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The Alamo: Rescued from Neglect

The Alamo in San Antonio is rightly named the “Cradle of Texas liberty.” New Spain's 18th-century Catholic churchmen and soldiers first established the mission in East Texas, and later relocated it to San Antonio where it was known as the Mission del San Antonio de Valero. By 1836, the Alamo chapel and convent were enclosed in a wall that was eight feet high, and two and a half feet in breadth. It was built to enclose one thousand men plus animals and supplies.

With fewer than 200 hundred fighters, Lt. Col. William B. Travis could not protect such a vast structure against the thousands of Mexican soldiers led by Gen. Santa Anna. After the vicious battle, the Alamo and surrounding buildings were in ruins, and the area was soon neglected by local residents. In 1849, the U.S. Army moved into it, and as soldiers cleaned up the rubble, they found several more bodies of valiant fighters.

The Federal garrison moved out at the advent of the Civil War, and the Alamo had a series of post-war occupants that used this sacred area to warehouse animals, trash, and as a general store with groceries and meat. One tenant had his name painted on the Alamo exterior wall and hung hog carcasses in the cool, dark interior of the old stone church. By 1890, a city police substation was built against the southwest external wall of the church.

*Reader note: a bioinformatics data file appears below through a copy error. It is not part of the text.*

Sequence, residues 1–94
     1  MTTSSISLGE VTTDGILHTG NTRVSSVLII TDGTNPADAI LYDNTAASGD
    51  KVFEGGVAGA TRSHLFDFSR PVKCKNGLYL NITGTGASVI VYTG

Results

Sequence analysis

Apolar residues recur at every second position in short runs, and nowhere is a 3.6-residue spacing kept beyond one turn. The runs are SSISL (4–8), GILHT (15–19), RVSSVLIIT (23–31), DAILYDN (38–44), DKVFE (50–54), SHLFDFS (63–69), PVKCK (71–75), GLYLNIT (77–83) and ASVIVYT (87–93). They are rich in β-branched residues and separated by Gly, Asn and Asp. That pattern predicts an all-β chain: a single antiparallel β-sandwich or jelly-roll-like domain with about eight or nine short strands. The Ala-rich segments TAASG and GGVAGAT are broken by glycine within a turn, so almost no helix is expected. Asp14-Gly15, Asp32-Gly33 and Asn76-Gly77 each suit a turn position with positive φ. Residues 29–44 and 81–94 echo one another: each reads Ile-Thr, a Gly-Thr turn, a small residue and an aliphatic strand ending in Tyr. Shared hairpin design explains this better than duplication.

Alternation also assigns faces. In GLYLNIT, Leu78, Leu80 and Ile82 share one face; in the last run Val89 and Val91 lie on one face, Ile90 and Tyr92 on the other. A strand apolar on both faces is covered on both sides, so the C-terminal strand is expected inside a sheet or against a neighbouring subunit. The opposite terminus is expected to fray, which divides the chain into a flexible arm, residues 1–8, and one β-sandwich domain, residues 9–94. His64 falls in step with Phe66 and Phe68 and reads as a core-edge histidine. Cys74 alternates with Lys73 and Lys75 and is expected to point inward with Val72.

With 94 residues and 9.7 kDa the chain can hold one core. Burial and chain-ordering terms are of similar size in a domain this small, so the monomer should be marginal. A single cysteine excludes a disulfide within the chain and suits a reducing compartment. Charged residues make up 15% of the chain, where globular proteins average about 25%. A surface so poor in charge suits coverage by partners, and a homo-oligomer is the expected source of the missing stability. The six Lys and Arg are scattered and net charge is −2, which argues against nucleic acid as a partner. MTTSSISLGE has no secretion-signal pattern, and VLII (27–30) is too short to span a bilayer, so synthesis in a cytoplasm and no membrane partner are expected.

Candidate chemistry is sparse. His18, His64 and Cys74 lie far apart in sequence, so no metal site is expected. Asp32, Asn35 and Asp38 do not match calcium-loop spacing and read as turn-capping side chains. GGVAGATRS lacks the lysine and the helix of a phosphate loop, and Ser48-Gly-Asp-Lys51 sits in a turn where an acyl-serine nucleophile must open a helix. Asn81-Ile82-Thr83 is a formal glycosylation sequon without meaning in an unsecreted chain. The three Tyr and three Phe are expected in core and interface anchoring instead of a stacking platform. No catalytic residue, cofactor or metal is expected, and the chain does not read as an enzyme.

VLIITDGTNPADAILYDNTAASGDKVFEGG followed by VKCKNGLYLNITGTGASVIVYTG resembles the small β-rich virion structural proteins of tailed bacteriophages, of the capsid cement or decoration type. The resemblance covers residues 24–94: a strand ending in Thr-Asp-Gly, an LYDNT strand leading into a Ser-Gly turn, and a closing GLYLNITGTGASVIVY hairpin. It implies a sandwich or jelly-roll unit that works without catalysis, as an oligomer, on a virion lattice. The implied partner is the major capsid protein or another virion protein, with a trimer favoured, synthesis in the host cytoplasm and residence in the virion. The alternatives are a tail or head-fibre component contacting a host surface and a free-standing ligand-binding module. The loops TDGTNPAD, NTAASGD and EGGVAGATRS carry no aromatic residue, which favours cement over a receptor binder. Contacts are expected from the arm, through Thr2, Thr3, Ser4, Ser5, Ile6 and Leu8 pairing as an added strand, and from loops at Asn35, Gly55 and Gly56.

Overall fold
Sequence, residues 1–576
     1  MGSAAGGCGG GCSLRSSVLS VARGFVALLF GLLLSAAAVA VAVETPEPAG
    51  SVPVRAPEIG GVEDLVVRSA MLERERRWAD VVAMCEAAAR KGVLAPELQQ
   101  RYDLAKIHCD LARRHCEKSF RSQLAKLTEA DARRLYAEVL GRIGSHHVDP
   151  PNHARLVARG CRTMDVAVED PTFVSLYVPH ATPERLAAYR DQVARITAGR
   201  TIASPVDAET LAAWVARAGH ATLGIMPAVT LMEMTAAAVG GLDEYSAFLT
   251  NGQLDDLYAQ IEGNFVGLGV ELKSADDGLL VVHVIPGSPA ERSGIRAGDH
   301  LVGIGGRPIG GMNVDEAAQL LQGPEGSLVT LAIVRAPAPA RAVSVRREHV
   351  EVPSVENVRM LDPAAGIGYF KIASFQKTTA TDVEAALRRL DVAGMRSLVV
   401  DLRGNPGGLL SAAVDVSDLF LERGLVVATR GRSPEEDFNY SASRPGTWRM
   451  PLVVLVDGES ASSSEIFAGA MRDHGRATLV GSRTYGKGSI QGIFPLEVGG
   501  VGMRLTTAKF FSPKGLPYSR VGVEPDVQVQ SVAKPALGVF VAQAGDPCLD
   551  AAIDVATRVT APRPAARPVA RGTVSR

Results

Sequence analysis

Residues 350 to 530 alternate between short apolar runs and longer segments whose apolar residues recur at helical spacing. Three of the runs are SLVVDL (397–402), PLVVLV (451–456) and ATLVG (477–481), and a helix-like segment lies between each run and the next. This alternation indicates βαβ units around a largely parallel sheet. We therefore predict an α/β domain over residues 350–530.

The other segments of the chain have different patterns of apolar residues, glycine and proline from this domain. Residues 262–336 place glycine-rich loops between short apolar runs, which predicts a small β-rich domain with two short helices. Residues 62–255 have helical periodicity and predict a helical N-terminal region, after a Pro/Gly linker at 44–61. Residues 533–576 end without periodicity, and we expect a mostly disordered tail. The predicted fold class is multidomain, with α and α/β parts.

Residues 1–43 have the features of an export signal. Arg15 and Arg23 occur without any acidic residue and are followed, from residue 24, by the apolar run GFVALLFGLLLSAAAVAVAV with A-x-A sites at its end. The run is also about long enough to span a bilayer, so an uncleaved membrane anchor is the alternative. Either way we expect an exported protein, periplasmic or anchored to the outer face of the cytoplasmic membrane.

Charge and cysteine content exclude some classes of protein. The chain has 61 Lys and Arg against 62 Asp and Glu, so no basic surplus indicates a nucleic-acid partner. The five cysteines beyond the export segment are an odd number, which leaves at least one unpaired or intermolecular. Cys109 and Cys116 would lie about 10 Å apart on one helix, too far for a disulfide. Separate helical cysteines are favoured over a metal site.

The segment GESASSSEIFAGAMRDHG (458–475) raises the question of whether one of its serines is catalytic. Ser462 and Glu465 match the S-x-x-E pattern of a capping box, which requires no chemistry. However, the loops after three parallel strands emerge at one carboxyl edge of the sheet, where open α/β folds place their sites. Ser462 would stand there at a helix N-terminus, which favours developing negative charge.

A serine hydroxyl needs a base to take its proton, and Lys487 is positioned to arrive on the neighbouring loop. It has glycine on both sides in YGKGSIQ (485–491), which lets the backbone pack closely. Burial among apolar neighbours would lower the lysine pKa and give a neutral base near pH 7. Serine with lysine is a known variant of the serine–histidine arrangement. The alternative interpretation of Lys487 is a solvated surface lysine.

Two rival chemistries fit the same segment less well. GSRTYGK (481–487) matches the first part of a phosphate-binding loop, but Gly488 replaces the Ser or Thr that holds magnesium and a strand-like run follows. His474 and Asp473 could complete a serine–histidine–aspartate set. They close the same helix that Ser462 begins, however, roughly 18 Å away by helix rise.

Finally, in 1903, school teacher Adina de Zavala and philanthropist Clara Driscoll took the initiative to save the Alamo and to restore its’ honor. In 1905, Gov. Samuel Lanham signed a resolution to preserve the Alamo as a sacred memorial to the heroes who sacrificed themselves on that hallowed ground.

Further, the Daughters of the Republic of Texas were to serve as caretakers of the Alamo with the responsibility to maintain and remodel it. When you visit the Alamo today, breathe a prayer of thanks to Clara Driscoll, Adina de Zavala, and the Daughters of the Republic of Texas (DRT) for daring to rescue the neglected fortress. The DRT ultimately turned its responsibilities over to the Texas General Land Office.

Neglect is a death sentence. Something that has great promise, deteriorates under the weight of uncaring negligence. It is true with historic buildings, and with our spiritual life. When people neglect their relationship with God, their spiritual life deteriorates like the old Alamo did. Unless something is done to restore it to honored status, it will be lost.

It was Nehemiah who saw that Children of Israel had neglected God when he said, “Why is the House of the Lord forsaken” (Nehemiah13:11)? Jesus reprimanded the religious leaders for majoring on minors when they had neglected to teach the full Word of God (Matthew 23:23). The Apostles had neglected the widows (Acts 6:1-4), and Paul charged us to “not neglect the spiritual gift that is within you” (1 Timothy 4:14).

The Alamo stands as a neglected treasure that was rescued by love. If your spiritual life was been neglected, revive your love for God and seek him today.

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